Photoelectric sensors reliably detect opaque objects in automated assembly, packaging, printing, and converting industries every day. Clear objects, however, present a challenge, because they neither block nor reflect large amounts of light.
Retroreflective sensors can be a good choice to detect objects made of clear materials.
When a target object is transparent, such as a freshly molded plastic bottle or a plate of glass, a retroreflective sensor can deliver accurate detection. The sensor uses a retroreflector that reflects the emitted light back to the sensor, creating an optical path twice as long as that created by an opposed-mode sensor pair. This design effectively forces the clear object to break the beam twice–multiplying the small effect the clear object has on the emitted light.
For example, each time the emitted light enters or exits a plate of glass about 5% of the light is reflected. On the first pass through the object, the light signal is reduced by about 10% (5% per side). When the light is reflected back to the sensor by the retroreflector, it again passes through the glass and experiences a 10% signal loss due to reflections on each side. The result: approximately 80% of the emitted light makes it back to the sensor. This situation is known as a low contrast sensing application–the amount of light reflected when an object is present in only 20% less than when an object is absent.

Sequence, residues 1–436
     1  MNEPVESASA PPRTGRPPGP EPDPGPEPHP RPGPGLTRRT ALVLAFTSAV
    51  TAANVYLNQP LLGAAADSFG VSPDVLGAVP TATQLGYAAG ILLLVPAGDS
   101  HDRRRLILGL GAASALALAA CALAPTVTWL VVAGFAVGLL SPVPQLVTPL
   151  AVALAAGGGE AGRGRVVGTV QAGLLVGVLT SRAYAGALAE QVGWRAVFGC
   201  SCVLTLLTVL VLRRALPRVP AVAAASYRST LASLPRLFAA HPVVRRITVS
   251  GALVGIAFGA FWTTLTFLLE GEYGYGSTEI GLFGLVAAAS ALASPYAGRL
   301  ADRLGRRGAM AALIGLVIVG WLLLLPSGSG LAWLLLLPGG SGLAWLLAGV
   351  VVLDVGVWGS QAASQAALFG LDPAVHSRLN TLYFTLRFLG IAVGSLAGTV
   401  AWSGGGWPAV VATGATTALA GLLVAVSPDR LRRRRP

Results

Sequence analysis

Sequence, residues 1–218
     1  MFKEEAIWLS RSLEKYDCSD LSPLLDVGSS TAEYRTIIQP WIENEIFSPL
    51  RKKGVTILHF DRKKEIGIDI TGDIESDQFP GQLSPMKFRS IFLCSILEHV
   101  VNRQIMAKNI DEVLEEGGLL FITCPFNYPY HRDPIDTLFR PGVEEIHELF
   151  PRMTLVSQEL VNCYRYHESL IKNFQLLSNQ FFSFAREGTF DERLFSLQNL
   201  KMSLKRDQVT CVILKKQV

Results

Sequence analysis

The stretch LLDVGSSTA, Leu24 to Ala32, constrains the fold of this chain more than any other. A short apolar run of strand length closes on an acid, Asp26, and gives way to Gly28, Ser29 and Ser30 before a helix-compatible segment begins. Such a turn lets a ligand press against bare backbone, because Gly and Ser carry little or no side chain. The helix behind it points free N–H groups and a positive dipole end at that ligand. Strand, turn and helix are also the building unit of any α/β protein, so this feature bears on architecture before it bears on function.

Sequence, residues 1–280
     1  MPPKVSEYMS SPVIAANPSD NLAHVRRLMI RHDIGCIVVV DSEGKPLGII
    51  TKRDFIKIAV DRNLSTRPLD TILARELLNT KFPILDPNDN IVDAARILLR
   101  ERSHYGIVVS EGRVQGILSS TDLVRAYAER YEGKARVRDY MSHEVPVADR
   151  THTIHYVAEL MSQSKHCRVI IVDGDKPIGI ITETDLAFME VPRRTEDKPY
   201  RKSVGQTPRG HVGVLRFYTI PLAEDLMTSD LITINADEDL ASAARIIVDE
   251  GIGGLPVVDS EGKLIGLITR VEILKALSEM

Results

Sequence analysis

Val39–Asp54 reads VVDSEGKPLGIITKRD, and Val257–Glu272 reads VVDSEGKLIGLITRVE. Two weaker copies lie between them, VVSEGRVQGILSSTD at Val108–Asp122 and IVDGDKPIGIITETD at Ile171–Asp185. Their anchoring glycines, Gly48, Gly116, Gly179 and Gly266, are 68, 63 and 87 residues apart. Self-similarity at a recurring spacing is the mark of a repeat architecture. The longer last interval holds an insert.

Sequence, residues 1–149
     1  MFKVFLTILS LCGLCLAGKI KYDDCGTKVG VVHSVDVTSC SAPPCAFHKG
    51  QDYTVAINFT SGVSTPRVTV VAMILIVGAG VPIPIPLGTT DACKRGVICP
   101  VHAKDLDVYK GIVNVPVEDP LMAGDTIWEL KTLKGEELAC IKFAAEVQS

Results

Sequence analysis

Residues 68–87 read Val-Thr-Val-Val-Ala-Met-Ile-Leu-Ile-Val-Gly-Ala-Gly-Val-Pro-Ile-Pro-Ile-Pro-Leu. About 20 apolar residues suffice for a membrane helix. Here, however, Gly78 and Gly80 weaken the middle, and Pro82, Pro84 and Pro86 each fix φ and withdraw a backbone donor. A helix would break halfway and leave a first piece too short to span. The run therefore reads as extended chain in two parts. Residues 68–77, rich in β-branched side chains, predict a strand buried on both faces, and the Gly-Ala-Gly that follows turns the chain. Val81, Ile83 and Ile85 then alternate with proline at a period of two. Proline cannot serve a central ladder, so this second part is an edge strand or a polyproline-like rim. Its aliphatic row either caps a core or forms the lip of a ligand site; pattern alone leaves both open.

A retroreflector reflects the emitted light back to a sensor, effectively making clear objects break the beam twice. This arrangement multiplies the small effect these objects have on the emitted light.
Low contrast sensing requires a sensor with both stability and sensitivity. The sensor must be able to stabilize itself in order to ignore the small and gradual light signal changes caused by temperature drift or dust buildup on lenses. It also must remain sensitive to the small light signal changes caused by the transparent object. Because environmental changes such as temperature and dust buildup occur slowly, their effects can often be filtered out by the sensor’s microcontroller. Objects such as bottles or jars that are conveyed quickly during production create rapid changes in the light signal, so the sensor can easily detect them.
With the proper design and application, a retroreflective sensor makes detecting nearly invisible target objects simple–even in high-speed factory automation and food packaging applications.
Banner Engineering Corp.
Filed Under: Packaging, Sensors (position + other), Test + measurement • test equipment